Social Media

WeChat censoring content related to coronavirus: report

Prashasti Awasthi Mumbai | Updated on March 04, 2020


WeChat, a Chinese multi-purpose messaging app, and Chinese live-streaming platform YY have been censoring keywords related to coronavirus since January 1, reported Citizen Lab research group.

According to the Citizen Lab report, WeChat has censored coronavirus-related content (including critical and neutral information) and expanded the censorship in February 2020. Content, including criticism of the government, rumours, and speculative information on the pandemic, has been censored.

The apps have also censored the information on Li Wenliang, a doctor who was among the earliest to warn the population about the disease. The Chinese government had detained Li for spreading “fake news”. However, days after Li’s detention, the government confirmed the coronavirus outbreak. Li caught the disease while treating coronavirus patients and died on February 7. His story created a public outcry against the government’s handling of the coronavirus.

The report added that many of the censorship rules are broad and effectively block messages that include names for the virus or sources for information about it. The report noted that such regulations might expurgate important communication related to disease information and prevention.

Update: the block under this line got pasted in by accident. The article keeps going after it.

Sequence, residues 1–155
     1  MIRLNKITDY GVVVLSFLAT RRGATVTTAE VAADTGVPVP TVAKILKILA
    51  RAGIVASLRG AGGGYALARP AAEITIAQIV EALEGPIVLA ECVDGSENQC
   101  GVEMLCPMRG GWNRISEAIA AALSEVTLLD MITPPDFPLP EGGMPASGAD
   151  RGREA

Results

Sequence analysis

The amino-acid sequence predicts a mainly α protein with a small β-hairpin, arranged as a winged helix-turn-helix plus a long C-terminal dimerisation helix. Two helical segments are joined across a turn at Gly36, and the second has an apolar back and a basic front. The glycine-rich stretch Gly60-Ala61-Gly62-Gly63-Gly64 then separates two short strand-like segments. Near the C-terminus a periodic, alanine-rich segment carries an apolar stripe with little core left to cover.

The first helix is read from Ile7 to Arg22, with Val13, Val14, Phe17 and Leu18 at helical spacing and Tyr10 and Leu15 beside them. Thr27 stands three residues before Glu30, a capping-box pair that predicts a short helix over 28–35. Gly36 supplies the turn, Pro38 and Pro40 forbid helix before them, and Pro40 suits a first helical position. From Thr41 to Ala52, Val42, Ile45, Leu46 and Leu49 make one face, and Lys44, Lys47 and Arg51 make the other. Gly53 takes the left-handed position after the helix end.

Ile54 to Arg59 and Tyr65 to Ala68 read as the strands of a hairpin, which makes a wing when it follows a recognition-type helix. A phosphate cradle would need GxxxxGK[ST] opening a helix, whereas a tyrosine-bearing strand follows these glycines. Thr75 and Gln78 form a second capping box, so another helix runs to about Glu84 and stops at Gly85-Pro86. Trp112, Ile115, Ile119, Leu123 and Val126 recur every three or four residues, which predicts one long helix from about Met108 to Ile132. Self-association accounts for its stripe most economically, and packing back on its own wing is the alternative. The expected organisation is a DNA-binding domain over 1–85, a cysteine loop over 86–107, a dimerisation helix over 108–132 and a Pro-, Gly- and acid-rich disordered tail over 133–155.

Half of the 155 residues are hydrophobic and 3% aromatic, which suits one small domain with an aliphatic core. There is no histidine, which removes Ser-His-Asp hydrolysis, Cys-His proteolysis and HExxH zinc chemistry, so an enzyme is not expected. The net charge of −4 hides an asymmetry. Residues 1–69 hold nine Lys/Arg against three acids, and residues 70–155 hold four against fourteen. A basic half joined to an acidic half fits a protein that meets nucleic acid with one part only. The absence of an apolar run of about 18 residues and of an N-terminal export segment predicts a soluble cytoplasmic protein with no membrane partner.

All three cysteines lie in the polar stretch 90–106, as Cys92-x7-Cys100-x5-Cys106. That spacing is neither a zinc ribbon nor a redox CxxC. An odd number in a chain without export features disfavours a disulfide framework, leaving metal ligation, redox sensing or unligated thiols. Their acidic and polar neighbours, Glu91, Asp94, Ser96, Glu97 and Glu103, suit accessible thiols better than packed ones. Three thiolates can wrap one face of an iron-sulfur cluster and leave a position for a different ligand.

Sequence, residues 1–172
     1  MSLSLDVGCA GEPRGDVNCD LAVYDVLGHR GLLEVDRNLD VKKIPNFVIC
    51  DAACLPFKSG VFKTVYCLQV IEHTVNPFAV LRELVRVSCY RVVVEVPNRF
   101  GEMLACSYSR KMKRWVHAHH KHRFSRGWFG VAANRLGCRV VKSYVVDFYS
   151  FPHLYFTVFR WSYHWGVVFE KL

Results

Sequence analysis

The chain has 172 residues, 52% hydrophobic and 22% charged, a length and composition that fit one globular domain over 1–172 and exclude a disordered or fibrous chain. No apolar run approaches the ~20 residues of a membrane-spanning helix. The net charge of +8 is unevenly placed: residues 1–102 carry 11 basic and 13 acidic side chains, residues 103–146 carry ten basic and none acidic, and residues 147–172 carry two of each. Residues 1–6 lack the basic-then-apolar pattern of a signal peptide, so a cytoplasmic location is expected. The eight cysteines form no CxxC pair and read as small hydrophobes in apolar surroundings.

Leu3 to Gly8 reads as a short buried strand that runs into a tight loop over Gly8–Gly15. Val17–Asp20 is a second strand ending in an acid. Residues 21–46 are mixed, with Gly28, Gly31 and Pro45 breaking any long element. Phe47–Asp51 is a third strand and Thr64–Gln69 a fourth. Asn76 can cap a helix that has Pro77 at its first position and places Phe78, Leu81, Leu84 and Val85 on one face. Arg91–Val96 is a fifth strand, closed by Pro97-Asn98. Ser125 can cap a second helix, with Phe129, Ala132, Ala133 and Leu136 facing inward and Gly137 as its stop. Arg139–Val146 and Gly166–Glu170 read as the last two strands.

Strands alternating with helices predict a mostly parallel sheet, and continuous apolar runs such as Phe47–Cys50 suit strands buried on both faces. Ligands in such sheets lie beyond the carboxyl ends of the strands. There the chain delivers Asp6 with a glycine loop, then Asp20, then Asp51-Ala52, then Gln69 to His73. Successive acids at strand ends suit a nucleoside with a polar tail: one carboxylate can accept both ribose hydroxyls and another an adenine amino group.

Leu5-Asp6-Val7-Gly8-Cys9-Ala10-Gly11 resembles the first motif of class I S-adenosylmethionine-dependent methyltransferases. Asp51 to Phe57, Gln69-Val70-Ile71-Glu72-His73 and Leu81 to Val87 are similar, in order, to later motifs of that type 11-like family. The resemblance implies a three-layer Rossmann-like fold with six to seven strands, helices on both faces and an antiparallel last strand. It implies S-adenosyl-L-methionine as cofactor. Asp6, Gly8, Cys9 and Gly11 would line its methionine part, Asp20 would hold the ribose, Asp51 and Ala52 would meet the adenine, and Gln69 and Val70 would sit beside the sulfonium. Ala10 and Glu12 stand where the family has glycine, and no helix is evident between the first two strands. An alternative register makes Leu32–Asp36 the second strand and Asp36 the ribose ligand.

The report also accused the Chinese government of controlling the information on the disease that was earlier available online and in the media.

The report stated: “Chinese authorities delayed releasing information on the epidemic to the public. When eight individuals (at least two of which were medical experts) tried to warn the public of the then mysterious outbreak on December 30, 2019, they were silenced and punished by local authorities in Wuhan for “spreading rumors” and disturbing social order.”

How did it come to the notice?

The research group of Citizen Lab scripted group chat conversations, including articles on coronavirus, and send them across to three WeChat accounts -- two in Canada and one in China -- for testing. The company then noticed the keywords which didn’t appear in the conversation sent across to WeChat account in China. Citizen Lab observed that around 132 keyword combinations were censored in January. And, the number rose to 516 keywords by the second week of February.

While on YY, 45 keywords were added to a blacklist on December 31, 2019; five of those keywords were removed on February 10, Citizen Lab found. YY’s blacklist is in the app itself, unlike WeChat’s, which uses a remote server for censorship.

WeChat has a monthly active user base of over one billion people — which means that a lot of users may have missed important information about the coronavirus, as well as how to prevent its spread.

Published on March 04, 2020

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